However I would not raise this as a city wide priority at the moment: other concerns (such as types of violent crime) are more pressing.

I would urge members of the Cycling Campaign to raise specific issues at the Area Committees to get the local police priorities to deal with issues.

Personally I would like to see more enforcement at traffic lights, a number of drivers and cyclists seem to flout these.

Kevin PRICE
(Labour Party)
The candidate has not responded to the survey.
Ian TYES
(Independent)

I do not believe that this would work. Whilst spot fines and 'blitzes' catch a few, education and better-bike design is far better way to ensure that the rules are followed. For comparison, cycle helmets are not compulsory, yet a significant percentage of people use them anyway. Lights are compulsory and yet in my experience less people use lights than cycle helmets. Bikes could be designed with unremoveable lights powered by hub dynamoes. Bells could also be impossible to remove. Biles could be painted with flourescent/reflective patches for higher visibility. If junctions were better designed, sensing systems on traffic lights detected bikes, more use of left-turn bike green filters and filter lanes, less (preferably NONE!) shared use footpaths, more completely off-road cycle-only routes (like Chisholm Trail) then the problems would occur less and cycling would be safer. Of course, you could introduce a system of insurance and 'number plates' in order to trace cyclists and hold them accountable more easily....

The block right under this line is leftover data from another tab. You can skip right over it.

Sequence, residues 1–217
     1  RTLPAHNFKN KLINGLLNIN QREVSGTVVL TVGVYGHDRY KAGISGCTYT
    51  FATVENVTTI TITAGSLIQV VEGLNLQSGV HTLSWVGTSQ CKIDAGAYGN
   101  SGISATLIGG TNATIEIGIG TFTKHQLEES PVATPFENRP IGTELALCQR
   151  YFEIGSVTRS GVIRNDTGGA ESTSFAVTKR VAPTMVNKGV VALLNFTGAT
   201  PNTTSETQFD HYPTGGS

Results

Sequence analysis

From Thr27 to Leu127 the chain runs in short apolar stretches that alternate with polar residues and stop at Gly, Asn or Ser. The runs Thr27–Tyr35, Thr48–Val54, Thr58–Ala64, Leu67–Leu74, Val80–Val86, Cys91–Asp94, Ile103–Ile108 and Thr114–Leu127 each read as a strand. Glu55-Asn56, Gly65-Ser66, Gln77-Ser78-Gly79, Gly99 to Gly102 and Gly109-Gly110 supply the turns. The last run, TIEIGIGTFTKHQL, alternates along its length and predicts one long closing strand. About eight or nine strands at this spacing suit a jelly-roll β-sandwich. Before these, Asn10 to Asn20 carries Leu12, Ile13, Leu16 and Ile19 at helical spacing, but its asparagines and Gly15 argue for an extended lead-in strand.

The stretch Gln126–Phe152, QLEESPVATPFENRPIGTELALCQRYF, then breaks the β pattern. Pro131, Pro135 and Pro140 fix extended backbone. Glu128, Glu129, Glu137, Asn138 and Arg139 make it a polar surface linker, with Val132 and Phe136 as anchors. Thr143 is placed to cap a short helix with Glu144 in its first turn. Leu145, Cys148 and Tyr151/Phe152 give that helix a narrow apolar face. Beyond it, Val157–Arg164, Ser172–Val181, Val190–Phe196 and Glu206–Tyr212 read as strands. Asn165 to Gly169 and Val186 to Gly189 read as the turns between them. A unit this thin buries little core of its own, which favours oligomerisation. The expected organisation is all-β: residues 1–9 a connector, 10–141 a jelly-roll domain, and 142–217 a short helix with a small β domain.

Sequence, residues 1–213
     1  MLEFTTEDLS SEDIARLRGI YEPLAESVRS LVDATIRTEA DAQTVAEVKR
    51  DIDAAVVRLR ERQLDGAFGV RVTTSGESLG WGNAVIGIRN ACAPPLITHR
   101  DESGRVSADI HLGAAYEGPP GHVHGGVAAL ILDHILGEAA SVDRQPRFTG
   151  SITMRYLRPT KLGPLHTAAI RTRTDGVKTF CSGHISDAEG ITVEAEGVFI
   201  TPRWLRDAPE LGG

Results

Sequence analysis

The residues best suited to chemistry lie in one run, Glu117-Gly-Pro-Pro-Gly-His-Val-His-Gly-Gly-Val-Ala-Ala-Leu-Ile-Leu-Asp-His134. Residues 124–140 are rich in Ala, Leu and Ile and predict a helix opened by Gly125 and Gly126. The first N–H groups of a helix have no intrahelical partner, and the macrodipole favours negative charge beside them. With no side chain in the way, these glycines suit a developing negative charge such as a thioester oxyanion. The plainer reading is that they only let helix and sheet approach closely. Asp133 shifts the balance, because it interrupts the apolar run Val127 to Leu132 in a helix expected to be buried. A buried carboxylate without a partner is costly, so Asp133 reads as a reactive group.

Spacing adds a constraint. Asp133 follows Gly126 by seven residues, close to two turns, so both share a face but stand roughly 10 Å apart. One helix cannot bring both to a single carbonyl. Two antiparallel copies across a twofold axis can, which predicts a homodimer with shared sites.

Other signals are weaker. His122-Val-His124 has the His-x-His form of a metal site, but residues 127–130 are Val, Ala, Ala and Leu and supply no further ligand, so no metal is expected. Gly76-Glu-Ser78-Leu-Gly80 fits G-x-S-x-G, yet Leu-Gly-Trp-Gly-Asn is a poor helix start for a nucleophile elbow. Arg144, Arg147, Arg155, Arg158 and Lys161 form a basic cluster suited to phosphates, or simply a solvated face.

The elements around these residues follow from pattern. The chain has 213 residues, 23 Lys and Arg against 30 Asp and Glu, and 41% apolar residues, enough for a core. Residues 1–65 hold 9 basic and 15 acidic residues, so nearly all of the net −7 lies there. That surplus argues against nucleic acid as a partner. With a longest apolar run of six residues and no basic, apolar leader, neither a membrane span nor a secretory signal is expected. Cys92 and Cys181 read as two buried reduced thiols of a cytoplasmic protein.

# Question 4

We believe that 20mph should be the norm for local streets in residential areas (as distinct from main connecting roads). 20mph would: greatly encourage walking and cycling; improve the quality of life in an area for residents; and would not delay car journeys significantly (because only the start/end of a journey would be affected). Do you agree that 20mph should become the norm for local streets in Cambridge and surrounding villages?

Martin BOOTH
(Cambridge Socialists)
The candidate has not responded to the survey.
Annette KARIMI
(Conservative Party)
The candidate has not responded to the survey.
Mike PITT
(Liberal Democrat)

Short answer: yes.

We have tried to get a 20 limit in Northfield Avenue, and I would like to see wider 20 limits.

Kevin PRICE
(Labour Party)
The candidate has not responded to the survey.